Drill a hole into your battery band

The drill bit I used for this step drills 1/16" holes. It is important to be as careful as possible. I can't tell you how many times my wood has split because I was too fast and too careless drilling this hole. I wanted to drill it fairly close to the top edge, because the battery is going to fit on the bottom.


Step 7:

Veneer

Veneer is really fragile thin wood. You can cut it with scissors, but it's important to keep in mind where the wood grain goes, because this stuff tends to crack really easily when you cut or bend it in the direction of the wood grain.

Draw your circles a little oversized than the battery band you have. I set mine in place with double sided tape. I lifted one side and super glued it back, and once it was set, I did the other side. The super glue dries really fast and in about a minute or so you can sand the edges down flush to your band. Sand it down on your sanding board, and it will be practically seamless.


Step 8:

Super Glue the ring band

Line the indent you made with the tapered veneer. This is where your wire will set into when you attach the (-) negative ports. To get it centered, you're going to want to find the diameter perpendicular to the taper. Super glue in place.

Note: this attachment is very fragile, and can easily snap off. In the future this design may change.


Step 9:

Super Glue Ring Band onto the battery band

In the middle of this step, yes, my ring band did snap off. But we'll keep proceeding. You're going to want to stick your wire in first, before your battery, because getting the wire in after, is hard.

Here, my battery fits inside perfectly, if yours doesn't, you may want to glue down on the unexposed parts of the battery, to the veneer. The black wire is your ground, and the positive is your power.

Solder the black wire to your (-) negative port and solder a ball of rosin core into the (+) positive port. Alternatively, I threaded conductive thread in the(+) positive port and then soldered it on. The LED is going to be sitting on top of the battery. Make sure you have enough solder or thread sticking out of the (+) positive port so that the LED and Battery have a good connection.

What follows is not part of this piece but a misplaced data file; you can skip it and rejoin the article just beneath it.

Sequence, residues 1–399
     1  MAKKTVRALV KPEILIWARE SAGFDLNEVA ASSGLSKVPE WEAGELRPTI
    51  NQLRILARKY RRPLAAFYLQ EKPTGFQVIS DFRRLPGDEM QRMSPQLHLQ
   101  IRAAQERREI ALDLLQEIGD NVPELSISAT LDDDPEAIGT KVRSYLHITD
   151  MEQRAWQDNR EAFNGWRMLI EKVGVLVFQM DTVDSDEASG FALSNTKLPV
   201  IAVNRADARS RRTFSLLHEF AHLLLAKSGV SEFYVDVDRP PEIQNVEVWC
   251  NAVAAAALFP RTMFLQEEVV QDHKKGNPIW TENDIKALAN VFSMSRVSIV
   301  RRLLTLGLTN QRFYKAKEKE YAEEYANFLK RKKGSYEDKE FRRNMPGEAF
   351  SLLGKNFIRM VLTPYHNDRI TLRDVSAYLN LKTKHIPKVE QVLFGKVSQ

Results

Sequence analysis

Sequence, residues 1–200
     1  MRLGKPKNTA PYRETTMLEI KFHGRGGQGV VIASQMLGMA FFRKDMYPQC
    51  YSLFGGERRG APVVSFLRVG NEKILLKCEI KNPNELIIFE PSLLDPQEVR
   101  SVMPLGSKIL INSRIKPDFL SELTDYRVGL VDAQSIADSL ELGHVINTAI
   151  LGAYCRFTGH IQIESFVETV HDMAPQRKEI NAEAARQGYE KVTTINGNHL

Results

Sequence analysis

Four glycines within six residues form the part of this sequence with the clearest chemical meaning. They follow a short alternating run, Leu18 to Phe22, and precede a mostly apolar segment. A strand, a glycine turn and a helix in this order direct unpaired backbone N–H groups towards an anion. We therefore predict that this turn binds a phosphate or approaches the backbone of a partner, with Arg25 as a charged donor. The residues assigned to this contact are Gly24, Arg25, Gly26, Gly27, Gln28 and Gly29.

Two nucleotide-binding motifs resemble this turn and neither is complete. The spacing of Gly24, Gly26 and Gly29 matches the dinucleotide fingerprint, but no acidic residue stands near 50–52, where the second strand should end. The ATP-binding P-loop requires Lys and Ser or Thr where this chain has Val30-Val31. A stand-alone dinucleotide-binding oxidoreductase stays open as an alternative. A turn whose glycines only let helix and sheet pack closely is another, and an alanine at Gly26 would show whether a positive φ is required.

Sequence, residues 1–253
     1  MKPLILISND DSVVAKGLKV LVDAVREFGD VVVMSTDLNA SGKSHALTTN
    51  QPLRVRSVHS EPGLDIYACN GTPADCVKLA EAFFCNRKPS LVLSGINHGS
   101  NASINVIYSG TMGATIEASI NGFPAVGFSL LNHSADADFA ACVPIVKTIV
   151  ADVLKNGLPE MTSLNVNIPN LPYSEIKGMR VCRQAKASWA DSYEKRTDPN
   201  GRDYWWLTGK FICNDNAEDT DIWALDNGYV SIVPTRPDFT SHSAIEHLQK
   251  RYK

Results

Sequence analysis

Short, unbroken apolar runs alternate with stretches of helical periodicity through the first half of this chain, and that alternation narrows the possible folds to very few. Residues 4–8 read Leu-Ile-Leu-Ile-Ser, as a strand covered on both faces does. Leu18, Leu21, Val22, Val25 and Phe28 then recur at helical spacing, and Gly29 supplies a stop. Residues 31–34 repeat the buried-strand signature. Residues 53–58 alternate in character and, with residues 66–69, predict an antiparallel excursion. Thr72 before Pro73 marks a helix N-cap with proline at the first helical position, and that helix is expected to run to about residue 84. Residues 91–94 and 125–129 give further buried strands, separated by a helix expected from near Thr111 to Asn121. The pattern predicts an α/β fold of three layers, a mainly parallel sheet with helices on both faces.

Step 10:

Prevent Short Circuiting

By putting electric tape underneath the (-) negative port of the LED, you will prevent short circuiting from happening. You do not want the ground to connect to the power at all.


Step 11:

Hot glueing (+) positive port onto battery

Sometimes things happen unforeseen, so you make do! Basically at this point, the LED isn't attached to the battery in any way. I was planning on the plastic top to sandwich the LED in. But the thickness of the band I made was too thin and the LED juts out. So hot glue is good when you have to fix mistakes.

Hot glue that port onto the battery, so it stays a solid connection.


Step 12:

Plastic Cover

I used polystyrene for my cover. There are a lot of other alternative materials you can use. I cut this on the laser cutter, but you can easily cut it yourself with scissors.

The hollow plastic band is giving me some added height, so the cover fits smoothly on top. I sanded both bands, on all sides, to give it a cloudy look. The reason I did this was because I wanted to disperse the LED light and hide the hardware inside.


Step 13:

The hanging (-) negative wire

You'll strip the wire at the end, and stick it inside the channels you made earlier on in the project. This is what connects your (-) negative LED port to the (-) negative side of the battery. This way, you can turn it on and off whenever you feel like it.


Step 14:

The End

I hope you enjoyed this tutorial. Let me know if you have any questions or suggestions, or if you just plain liked it.